Carbohydrate utilization by baby pigs Aherne, Francis
dc.contributor.department Animal Science
dc.contributor.other Animal Science 2018-08-25T01:31:12.000 2020-07-02T05:34:41Z 2020-07-02T05:34:41Z 1968
dc.description.abstract <p>The carbohydrate ingested by the growing-finishing pig is mostly of the polysaccharide type. Since the young pig does not efficiently utilize polysaccharides, considerable amounts of the disaccharides, sucrose and lactose, and the monosaccharides, glucose and fructose, are used in baby pig diets. The disaccharides which are ingested are hydrolyzed to monosaccharides within the mucosal cells of the small intesine, from whence the monosaccharides are absorbed. Absorption of monosaccharides takes place readily only from the small intestine, and occurs predominantly by way of the portal blood (Wilson, 1962, p. 73). Limited absorption from the stomach and large intestine has been reported to occur under some conditions but it is quantitatively unimportant compared to absorption from the small intestine. Furthermore, it has now been adequately demonstrated that absorption of sugars from the small intestine occurs by both passive and active processes, the former being an energy-independent entrance of sugar into the cell, the latter an energy-dependent movement against a concentration difference (Crane, 1950). The nature of the active transport system has not yet been fully elucidated.</p>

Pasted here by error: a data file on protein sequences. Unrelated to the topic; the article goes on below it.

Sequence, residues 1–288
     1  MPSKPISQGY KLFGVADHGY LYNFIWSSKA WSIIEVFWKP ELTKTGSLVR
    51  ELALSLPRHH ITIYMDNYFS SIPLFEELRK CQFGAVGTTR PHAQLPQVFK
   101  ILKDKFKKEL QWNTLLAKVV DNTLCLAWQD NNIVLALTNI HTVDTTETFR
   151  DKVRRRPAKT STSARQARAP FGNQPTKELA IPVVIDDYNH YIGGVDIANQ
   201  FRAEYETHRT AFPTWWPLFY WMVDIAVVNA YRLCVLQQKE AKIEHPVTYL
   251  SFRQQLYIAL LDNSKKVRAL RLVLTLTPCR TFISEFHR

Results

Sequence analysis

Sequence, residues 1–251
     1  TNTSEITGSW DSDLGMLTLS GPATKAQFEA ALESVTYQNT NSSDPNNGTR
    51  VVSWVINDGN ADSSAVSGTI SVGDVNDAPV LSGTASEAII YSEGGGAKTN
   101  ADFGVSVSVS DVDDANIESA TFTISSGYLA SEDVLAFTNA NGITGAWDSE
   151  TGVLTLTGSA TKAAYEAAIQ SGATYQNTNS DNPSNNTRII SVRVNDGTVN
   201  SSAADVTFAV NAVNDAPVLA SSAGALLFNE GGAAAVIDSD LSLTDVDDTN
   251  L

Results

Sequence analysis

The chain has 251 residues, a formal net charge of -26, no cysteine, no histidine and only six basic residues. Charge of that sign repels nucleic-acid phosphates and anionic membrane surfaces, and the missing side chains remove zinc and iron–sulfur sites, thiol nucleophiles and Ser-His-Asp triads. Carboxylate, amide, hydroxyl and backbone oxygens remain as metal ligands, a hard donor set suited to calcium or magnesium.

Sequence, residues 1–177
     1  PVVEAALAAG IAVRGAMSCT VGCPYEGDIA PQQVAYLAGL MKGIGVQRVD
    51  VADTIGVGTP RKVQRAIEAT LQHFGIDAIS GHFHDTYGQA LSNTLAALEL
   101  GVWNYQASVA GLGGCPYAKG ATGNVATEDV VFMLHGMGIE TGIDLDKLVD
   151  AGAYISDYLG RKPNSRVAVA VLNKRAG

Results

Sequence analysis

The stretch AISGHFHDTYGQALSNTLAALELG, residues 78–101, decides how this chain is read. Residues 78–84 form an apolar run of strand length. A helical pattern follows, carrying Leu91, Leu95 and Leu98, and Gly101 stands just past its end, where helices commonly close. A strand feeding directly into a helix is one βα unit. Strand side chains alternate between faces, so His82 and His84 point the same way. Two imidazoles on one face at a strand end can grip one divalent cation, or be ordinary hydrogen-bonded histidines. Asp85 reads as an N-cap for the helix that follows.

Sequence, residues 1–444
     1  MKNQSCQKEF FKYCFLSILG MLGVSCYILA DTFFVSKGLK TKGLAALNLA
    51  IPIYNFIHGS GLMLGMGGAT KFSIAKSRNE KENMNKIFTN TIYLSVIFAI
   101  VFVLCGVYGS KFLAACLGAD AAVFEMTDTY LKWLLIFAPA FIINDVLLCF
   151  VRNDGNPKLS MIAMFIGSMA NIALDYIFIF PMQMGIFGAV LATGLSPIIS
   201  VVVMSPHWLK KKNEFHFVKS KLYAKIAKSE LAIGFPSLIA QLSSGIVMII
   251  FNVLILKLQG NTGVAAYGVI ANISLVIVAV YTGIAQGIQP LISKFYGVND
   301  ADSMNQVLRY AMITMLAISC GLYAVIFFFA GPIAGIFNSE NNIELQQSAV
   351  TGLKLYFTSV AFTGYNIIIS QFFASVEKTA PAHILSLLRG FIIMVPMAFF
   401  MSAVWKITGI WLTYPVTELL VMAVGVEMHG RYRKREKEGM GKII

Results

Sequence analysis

dc.format.mimetype application/pdf
dc.identifier archive/
dc.identifier.articleid 4226
dc.identifier.contextkey 6174639
dc.identifier.s3bucket isulib-bepress-aws-west
dc.identifier.submissionpath rtd/3227
dc.source.bitstream archive/|||Fri Jan 14 23:35:29 UTC 2022
dc.subject Swine--Feeding and feeds
dc.subject Carbohydrates--Metabolism
dc.title Carbohydrate utilization by baby pigs
dc.type dissertation
dspace.entity.type Publication
relation.isOrgUnitOfPublication 85ecce08-311a-441b-9c4d-ee2a3569506f Doctor of Philosophy
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